Why Casuals Whine: The Paradigm Shift at 60 As for casuals vs. raiding, here's what casuals want.
Log on whenever they feel like it. Might be for 5 hours, but they want to be able to log on when they want, not because someone told them to log on.
Either make some progress solo or get a group together and go do something for the next 3-4 hours that furthers their character.
Expecting this is not unreasonable, considering the entire 1-59 PvE game has trained them to think this is feasible. They don't want to have to deal with scheduling when to play the game when they haven't had to for the last 59 levels...
The paradigms for both raiding and PvP break this expectation.
In Raiding, casuals no longer can log on when they want. Instead they must re-arrange their lives around a game, a concept that many of them find paradoxical. "If I'm playing a game to have fun, why should I rearrange my life around the game?" "Why should I have to turn down a spontaneous invitation to go out with my friends because I have to attend a raid? Why couldn't I just attend that raid the next day? At level 45 I didn't have to go to Uldaman only at set times."
A good solution to this is changing the lockout system drastically, going so far as to eliminate lockout entirely, instead replacing it with a concept I like to call "lootout." If you loot a boss, you can't loot that boss for another (what the current timer is for the raid). If you loot Ragnaros you won't be able to loot Ragnaros for another 7 days, but you'll be able to loot something you need off of Garr in a different raid.
This would be a huge step forward as it would remove the regimented and schedule aspect of raiding that is a big turn off to many casuals. It isn't that they don't have the play time, it's that they oftentimes don't know when that play time will be, because of commitments to work, family and friends. WoW is something they greatly enjoy. They can't rearrange their schedule around WoW, however.
They could play WoW when they wanted to from level 1-59 and don't understand why, for raiding, WoW requires them to play at certain times not of their choosing. Basically WoW's own game mechanics are coming back to haunt it.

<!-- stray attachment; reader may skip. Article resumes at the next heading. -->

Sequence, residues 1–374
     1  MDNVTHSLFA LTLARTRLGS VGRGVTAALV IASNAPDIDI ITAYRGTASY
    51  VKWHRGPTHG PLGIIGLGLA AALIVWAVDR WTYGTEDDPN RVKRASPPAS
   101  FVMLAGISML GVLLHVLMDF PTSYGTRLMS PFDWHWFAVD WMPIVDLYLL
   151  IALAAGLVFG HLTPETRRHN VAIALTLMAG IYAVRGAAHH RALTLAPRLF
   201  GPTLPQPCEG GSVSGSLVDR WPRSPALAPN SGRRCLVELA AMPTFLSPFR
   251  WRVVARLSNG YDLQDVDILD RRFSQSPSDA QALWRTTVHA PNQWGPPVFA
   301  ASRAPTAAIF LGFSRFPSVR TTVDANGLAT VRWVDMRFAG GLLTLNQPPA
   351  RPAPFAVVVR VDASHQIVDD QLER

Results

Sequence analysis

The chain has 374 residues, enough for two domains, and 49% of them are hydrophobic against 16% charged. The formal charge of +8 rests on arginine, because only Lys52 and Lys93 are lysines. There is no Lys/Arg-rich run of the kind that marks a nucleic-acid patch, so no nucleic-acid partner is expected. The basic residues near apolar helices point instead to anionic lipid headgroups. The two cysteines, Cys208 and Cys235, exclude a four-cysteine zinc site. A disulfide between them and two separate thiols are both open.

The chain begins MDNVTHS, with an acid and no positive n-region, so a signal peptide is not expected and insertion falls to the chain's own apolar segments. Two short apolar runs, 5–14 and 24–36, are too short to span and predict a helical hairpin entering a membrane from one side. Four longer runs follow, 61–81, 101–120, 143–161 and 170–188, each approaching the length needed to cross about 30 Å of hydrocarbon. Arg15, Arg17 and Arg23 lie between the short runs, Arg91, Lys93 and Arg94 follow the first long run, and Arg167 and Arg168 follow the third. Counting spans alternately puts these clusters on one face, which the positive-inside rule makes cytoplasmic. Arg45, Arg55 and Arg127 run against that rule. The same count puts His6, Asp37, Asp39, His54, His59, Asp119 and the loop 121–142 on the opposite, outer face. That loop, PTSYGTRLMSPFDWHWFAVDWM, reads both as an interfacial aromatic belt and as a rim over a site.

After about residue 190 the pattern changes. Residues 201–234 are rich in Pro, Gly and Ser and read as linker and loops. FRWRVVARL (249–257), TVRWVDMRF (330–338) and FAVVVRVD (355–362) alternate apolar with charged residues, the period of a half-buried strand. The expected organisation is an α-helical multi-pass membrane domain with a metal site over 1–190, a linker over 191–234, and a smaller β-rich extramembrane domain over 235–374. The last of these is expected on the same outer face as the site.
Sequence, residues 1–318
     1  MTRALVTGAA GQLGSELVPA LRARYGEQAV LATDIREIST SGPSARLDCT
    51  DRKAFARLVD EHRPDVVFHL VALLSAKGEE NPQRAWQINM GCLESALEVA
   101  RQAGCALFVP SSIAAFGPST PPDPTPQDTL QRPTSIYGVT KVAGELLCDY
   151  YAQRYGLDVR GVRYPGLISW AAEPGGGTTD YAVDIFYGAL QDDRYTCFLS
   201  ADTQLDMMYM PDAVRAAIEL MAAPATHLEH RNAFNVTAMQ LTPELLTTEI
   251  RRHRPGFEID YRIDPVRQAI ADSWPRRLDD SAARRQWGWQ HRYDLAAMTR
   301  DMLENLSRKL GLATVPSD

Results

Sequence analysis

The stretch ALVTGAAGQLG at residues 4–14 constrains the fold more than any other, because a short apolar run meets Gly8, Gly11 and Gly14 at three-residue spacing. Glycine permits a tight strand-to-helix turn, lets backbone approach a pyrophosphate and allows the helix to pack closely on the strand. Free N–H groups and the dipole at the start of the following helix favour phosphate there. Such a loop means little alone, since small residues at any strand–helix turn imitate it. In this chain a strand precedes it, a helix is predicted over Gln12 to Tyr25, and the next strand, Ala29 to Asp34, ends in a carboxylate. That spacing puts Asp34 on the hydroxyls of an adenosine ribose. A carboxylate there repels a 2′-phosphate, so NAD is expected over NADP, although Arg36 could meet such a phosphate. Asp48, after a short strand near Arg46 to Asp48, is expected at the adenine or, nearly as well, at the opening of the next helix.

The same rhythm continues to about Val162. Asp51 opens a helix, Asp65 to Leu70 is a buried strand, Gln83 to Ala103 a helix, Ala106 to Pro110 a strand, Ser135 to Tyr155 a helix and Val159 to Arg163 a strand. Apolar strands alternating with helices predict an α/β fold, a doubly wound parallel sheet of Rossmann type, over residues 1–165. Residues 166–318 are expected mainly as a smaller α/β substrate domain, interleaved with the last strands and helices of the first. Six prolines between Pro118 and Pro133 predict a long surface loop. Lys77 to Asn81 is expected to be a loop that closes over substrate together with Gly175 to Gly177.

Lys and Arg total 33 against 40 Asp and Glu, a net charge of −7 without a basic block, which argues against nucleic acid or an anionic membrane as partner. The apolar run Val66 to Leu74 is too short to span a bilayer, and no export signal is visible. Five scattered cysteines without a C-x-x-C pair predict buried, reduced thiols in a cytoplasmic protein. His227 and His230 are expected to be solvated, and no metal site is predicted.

A similar problem appears in PvP.
You rank up based on your standing per week, which means if you miss a week entirely due to going on a business trip, you derank, losing all your progress. This idea is abhorrent to the game mechanics that WoW has from levels 1-59. If a casual doesn't log on for a week at level 45, he doesn't LOSE levels. Instead, he gains rested xp so that when he comes back he will be able to more effectively GAIN levels. In PvP, it's backwards from what WoW has taught casuals to expect, and thus they whine. They want to be able to log on whenever they want, play for 1-6 hours, and make progess. Right now if you try PvPing like that, you'll peak out and Rank 6 or so, and not be able to go any further until you devote more and more time to PvP, until Rank 13/14 when you're going to have to be playing 100+ hours to get those top standing spots just to rank up.
Solution: Move to a progression system more like XP, where sum contribution influences rank, not quantum contribution per week.
The current raiding and PvP game is completely different from what WoW has taught players to expect from levels 1-59 and that's why they're complaining.
A tiny side note here: the Tier 0.5 quest mechanics are excellent. Casuals can log on at their choosing and make progress towards compleing their set. This is in tune with the level 1-59 game and is a huge step in the right direction.
WoW has dramatically expanded the size of the MMOG market; most WoW players, I would venture to guess, have never played any other MMOG. That means they don't understand when you say 'oh well it was like this in EQ' and don't understand why it has to be that way. WoW was advertised as casual-friendly, and it is, amazingly so, up to level 60. Then suddenly the game rudely changes its primary game mechanics at level 60, much to the surprise and disappointment of the casual player.
Good points in general. Changing to a more pickup-friendly endgame experience, however, would require a restructuring of the current raid reward mechanics. Most of the goodies you want are single drops off bosses, which must be assigned to a single individual out of a twenty or forty person group. While random assignment is technically fair, it has a huge variance in individual fairness over the short term, so people develop point systems that act as smoothing functions for the loot received.
In order for pickup-style raiding to work, the reward mechanic needs to be smoothed by the game itself, not by player agreement. Moving toward raid rewards based on faction (which everyone gets) and token collection (which breaks up a single item into a bunch of smaller drops, effectively keeping the mean amount of loot you get constant while reducing the variance) are steps in this direction, but to truly make raiding with different groups of people something other than a total crapshoot, basically all the raid rewards need to be moved to this system, with individual uber-drops eliminated. (Alternately, the game could implement some sort of built-in point system, which players can pay each other in order to have the rights to a single good drop—a sort of second currency only useful for BoP items, enforced by game mechanics, though there's potential market abuse issues there unless it's very carefully designed.)